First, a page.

I find myself falling way behind in film knowledge for most of the year. When people I know mention the movies they've seen in theaters, the ones that are coming out that they're planning on seeing soon, I realize that I barely even know what's in theaters.

At home I pass by my local theater's marquee fairly regularly. Even when I don't know what's in theaters, at least I know things by name. And being a Film & Media Studies minor, sometimes not knowing about the latest film craze is a little embarrassing, even if I can excuse myself by the fact that I live a freezing cold walk to the cinema.

Maybe it's a silly complaint, but movies mean a lot to me and I feel strangely cut off from that world for all seasons save summer.

4. I can't buy what I want.

You don't recognize the value of a generic low-expense grocery store until the only produce market within walking distance is a Whole Foods. Even with enough expendable cash to buy a bushel of organic apples (should I choose to make such an immense purchase), it's hard not to be bogged down by the weight of "well there are apples in the dining hall."

Convenience is an excuse for lesser quality. It's true with places like 7-Eleven and fast food joints like McDonald's. And it's true for dining halls.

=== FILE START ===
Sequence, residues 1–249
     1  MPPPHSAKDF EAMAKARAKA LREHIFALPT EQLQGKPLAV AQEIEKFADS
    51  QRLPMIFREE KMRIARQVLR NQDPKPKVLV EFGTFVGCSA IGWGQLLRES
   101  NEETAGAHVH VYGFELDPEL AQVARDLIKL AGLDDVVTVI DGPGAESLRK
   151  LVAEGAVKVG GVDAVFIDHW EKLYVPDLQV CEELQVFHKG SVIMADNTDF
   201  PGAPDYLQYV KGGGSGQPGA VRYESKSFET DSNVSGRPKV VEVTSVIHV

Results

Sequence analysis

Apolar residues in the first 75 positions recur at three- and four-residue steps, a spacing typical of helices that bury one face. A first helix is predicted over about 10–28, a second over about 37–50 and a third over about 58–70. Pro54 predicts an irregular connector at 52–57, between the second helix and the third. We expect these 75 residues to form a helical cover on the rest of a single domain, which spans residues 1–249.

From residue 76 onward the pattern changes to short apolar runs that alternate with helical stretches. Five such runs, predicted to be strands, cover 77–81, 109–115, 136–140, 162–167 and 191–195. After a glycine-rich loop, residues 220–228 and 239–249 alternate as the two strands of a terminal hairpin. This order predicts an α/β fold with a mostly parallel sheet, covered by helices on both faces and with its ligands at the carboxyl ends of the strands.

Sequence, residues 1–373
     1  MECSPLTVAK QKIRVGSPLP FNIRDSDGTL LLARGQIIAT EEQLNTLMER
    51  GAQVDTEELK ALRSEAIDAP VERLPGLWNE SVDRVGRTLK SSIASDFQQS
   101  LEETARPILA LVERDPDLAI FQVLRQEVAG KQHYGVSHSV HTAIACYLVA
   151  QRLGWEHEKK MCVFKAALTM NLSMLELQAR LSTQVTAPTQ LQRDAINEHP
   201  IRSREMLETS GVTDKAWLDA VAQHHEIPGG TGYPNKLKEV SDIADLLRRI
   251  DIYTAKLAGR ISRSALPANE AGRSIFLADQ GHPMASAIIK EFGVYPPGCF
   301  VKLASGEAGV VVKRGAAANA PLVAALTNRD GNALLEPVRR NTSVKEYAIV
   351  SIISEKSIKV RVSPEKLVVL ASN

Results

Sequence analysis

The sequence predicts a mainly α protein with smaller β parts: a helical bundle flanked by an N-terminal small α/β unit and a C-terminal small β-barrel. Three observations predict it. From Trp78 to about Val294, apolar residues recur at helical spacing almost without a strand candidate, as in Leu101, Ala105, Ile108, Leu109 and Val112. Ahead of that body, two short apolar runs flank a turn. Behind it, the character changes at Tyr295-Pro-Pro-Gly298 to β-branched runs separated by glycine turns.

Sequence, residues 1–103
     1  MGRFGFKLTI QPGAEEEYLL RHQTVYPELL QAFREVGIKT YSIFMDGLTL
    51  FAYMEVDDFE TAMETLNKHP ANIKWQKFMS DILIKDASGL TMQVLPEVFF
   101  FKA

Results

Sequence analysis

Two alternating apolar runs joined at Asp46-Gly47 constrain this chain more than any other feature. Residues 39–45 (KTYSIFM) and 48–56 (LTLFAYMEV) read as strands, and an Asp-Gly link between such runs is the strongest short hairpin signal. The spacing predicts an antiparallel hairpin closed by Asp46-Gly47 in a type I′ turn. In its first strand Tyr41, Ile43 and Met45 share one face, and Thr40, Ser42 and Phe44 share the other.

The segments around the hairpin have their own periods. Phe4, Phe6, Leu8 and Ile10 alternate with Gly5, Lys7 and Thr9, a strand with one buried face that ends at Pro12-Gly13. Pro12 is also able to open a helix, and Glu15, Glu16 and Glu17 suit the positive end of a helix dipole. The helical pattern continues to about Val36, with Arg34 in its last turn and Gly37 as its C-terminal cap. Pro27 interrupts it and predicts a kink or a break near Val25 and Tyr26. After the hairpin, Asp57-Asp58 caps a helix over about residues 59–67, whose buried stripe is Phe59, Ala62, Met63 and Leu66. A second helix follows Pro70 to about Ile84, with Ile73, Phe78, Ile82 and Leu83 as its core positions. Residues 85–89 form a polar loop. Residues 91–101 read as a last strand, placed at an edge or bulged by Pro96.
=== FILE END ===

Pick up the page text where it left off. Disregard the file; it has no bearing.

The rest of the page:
To be honest, frugal and careful as I may be, I'd love to feel the necessity of going out shopping and buying produce I actually want to eat. Is there really any value in mealy apples and spotty bananas when I could be going to the grocery store and getting juicy nectarines and red seedless grapes? Only in the fact that if I didn't do it I'd actually be wasting more money having paid for those awful apples and bananas already.

Why I still love this stupid place:

Also, it's sometimes really pretty here.
Annoyed as I am that I can't walk down the street and buy all the apples I want for a reasonable price, I don't think I could ever be happier at a school than I am here. I complain about the inefficiencies, the necessities that are not met unless my dad visits and rents a car in which to drive me to Target and back. But this year and a half (and forthcoming two years give or take a few quarters) has been one of rewarding experiences in every way.

I've learned the extent of my strength against separation anxiety. I've discovered how to forcibly put myself in awkward situations even if I am aware that I will be permanently out of my comfort zone. I've come to value the necessity of certain luxuries like a supermarket. And I've realized that even without those luxuries, I am not utterly helpless.

There are alternatives to everything, even those things that feel like they're sectioned off from cafeteria-fed, thin-walled room living college students. So even when I could rip my hair out from tension and annoyance at needing more contact solution and having to pay twice my average price at CVS because there is no other option, at least I know these are things I can handle.

College freedom is constantly battling with college restrictions. We long for our Emerson-esque notions of self-reliance and proclaim to others that gourmet food shopping is a luxury. But in the end, reconciling haves and wants does not always have to end in a transcendentalist conclusion. Maybe minimalism isn't the key, but balance is.